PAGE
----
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from the press 1993 / newer texts

From the Press 1993
In the end, there are only fragments of memory, says the son. THE NIGHT pieces them together using a visual language of extraordinary potency, combining a range of oriental metaphors with intimate human portraits. Every day life and fortunes of a city and its people. All this and more is captured by the impressive cinematography. Like a cook at an eastern banquet, director Malas has concocteda rare feast of politics and poetry, with a unique spicing of piquant humour”. (Berlinale Journal, February, 15th 1993)

Strikingly staged but largely impenetrable, this Syrian feature (the first to be presented in the NYFF) is a subjective, episodic, highly stylized account of a half-century of conflict in the modest. (Daily News, October, 1st 1993)

From «Exodus» on, the creation of the state of Israel has often been recounted from a western P.O.V. “THE NIGHT” fascinates because it looks at this historic event from the Arab perspective, a real and a symbolic defeat. Malas highly pictorial style is unique. Image by image, block after block, Malas brings the period to life. The film leaves a strong final impression, but remains hard to pin down. (Variety, February, 15, 1993)

Richard Pena, the director of the New York Film Festival sayed: You’ll see several films that could be called personal epics. These are film that take an ambitious look at a broad swath of history but filter it through one person’s experience”. “The Night” a Syrian film, looks at the struggle of Arabs in southern Syria to establish a sense of identity was one of these examples. (The New York Times 8. 4. 1993)

Several main features have already unspooled at other major fests, including Venice, Cannes and Locarno. Gregor says simply, “Some especially important films have been taken because they deserve it, even though they’ve been screened elsewhere.” … Some of the more eclectic films this year come from the Middle East. Syrian director Mohammed Malas “The Night” is a story both autobiographical and political. (Variety, Feb. 8, 1993)

Rightly the main award of the festival was given to the Syrian film AL LEIL by Mohamad Malas. (NZZ)

From the interwoven layers of time extremely deep images, which also visually always symbolize a clear view to something else, unearth details of a much more complex biography in which the history from below irrefutable unmasks the history from above as well as the individual and national life lies. (Film Dienst)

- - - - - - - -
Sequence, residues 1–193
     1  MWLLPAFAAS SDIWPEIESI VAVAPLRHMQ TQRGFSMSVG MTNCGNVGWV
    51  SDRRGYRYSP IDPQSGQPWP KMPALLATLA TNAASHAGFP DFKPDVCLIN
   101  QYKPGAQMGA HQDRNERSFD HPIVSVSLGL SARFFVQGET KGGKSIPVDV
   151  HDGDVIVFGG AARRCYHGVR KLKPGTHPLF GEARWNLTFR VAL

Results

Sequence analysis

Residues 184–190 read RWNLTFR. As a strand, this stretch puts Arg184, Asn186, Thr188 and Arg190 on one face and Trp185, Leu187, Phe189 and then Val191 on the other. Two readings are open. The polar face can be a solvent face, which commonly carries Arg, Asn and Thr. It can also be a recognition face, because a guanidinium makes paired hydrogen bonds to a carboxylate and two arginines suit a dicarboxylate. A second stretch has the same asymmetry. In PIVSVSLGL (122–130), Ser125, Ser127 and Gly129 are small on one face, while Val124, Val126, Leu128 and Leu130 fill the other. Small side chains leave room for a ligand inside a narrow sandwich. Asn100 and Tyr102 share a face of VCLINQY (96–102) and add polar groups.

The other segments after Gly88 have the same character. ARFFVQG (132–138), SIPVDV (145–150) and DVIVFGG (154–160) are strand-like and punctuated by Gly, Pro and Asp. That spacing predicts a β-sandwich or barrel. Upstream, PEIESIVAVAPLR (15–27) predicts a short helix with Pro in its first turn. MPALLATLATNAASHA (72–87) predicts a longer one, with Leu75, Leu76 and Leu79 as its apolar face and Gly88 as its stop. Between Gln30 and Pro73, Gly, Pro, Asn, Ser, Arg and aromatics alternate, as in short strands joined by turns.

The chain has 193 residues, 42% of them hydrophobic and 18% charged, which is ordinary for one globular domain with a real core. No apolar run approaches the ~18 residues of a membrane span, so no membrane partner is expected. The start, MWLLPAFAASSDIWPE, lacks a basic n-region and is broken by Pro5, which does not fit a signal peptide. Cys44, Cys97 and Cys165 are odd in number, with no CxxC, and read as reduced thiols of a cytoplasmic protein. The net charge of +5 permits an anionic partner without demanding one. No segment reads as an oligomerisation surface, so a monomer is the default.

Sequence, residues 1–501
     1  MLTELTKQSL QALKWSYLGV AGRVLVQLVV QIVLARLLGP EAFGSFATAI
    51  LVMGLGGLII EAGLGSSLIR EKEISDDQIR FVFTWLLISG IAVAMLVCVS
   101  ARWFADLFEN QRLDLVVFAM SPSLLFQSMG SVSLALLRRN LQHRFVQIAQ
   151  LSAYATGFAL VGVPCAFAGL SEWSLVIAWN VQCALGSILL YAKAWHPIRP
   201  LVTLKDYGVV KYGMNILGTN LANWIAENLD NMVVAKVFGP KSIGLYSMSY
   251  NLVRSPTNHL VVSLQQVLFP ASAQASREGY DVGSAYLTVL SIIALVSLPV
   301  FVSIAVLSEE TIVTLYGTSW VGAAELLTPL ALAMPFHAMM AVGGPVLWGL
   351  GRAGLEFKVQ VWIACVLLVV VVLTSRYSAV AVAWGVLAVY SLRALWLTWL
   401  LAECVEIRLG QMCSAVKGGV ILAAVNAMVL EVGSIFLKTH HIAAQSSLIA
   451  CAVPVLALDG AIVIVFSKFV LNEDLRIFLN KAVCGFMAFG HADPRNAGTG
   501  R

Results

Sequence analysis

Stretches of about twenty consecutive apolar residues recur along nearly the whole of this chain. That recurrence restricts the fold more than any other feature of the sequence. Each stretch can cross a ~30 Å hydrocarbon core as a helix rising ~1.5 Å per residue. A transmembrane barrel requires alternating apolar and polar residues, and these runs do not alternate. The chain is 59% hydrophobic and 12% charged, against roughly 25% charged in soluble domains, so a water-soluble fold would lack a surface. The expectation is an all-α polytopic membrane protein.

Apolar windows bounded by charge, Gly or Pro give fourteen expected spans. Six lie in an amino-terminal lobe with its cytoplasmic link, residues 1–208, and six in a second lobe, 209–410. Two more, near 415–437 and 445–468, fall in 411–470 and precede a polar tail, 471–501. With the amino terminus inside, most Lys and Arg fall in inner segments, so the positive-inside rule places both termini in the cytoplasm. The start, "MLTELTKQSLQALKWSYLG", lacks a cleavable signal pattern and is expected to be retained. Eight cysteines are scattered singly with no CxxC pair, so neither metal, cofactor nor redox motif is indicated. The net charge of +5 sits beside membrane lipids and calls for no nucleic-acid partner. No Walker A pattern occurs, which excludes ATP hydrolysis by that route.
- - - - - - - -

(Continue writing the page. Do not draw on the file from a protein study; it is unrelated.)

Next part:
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World cinema. The 10 best ... The 10 best Arab films The Guardian, 6 July 2013
Fifty years of movie magic, from Tunisia to Iraq, as chosen by Omar al-Qattan, film-maker and chair of Shubbak – A Window on Contemporary Arab Culture
The Night (Al-Lail) Mohammad Malas, 1993
A great Syrian film. It is about the director's home town of Quneitra, on the borders of the Golan Heights, which was almost completely destroyed by the Israelis after the 1967 war and remains in ruins. The film is a historical-autobiographical epic of three generations, taking you from the Syrian fight for independence against the French in the 1930s, through the 1948 war with Israel, and into recent times. Malas is probably the most highly regarded living Syrian director – he is still based in Damascus as far as I know – and this film is heavily influenced by Tarkovsky in the use of long, contemplative dream and memory sequences where time is as important an expressive element as space, dialogue or movement.
source: The Guardian

This Dream we call Cinema - by Zachary Najarian-Najafi for cinephildreams.blogspot on June 13, 2014
Al-lail (1992) aka The Night
Like Tarkovsky's The Mirror, and Terayama's Pastoral: To Die in the Country, Mohamed Malas's The Night is about confronting the past, and attempting to overcome the sweet nostalgia, and the bitter tragedy. Starting with a series of abstract recollections narrated by Malas's alter-ego, and his mother, Wissal, the film settles down into the story of his parent's marriage, his father's political activism, the coup-ridden birth of independent Syria, and everyday life in the now largely destroyed town of Quneytra. His father died humiliated and tortured by his inner demons after the Arab-Israeli War, and for Malas, his hometown evokes feelings of shame and longing for many Syrians, especially those who lived there (as well as the hundred or so holdouts who still do). Malas himself has said, "I’ve experienced things and places that are no longer there, no longer visually accessible; but in my head they are so vivid and I want to share them with the world. As a filmmaker, I see this as a responsibility; a calling." His images are lyrical in the best sense of the word, and have a kind of golden glow to them, even the horror comes through in soft-focus, laced with a longing for a time and place forever gone. But Malas is not detached from reality, there is real anger here, anger towards the people's failure to stand up for themselves, and anger at the authorities, both international, and national, for abusing and suppressing the legitimate desires of the people. The Night is also a eulogy for a lost childhood, and a cry of sorrow at the loss of his beloved father. But ultimately, this a hopeful film, the people who populate it are a hopeful people, and there is a belief in the future, that maybe, things will get better.
source: cinephildreams 

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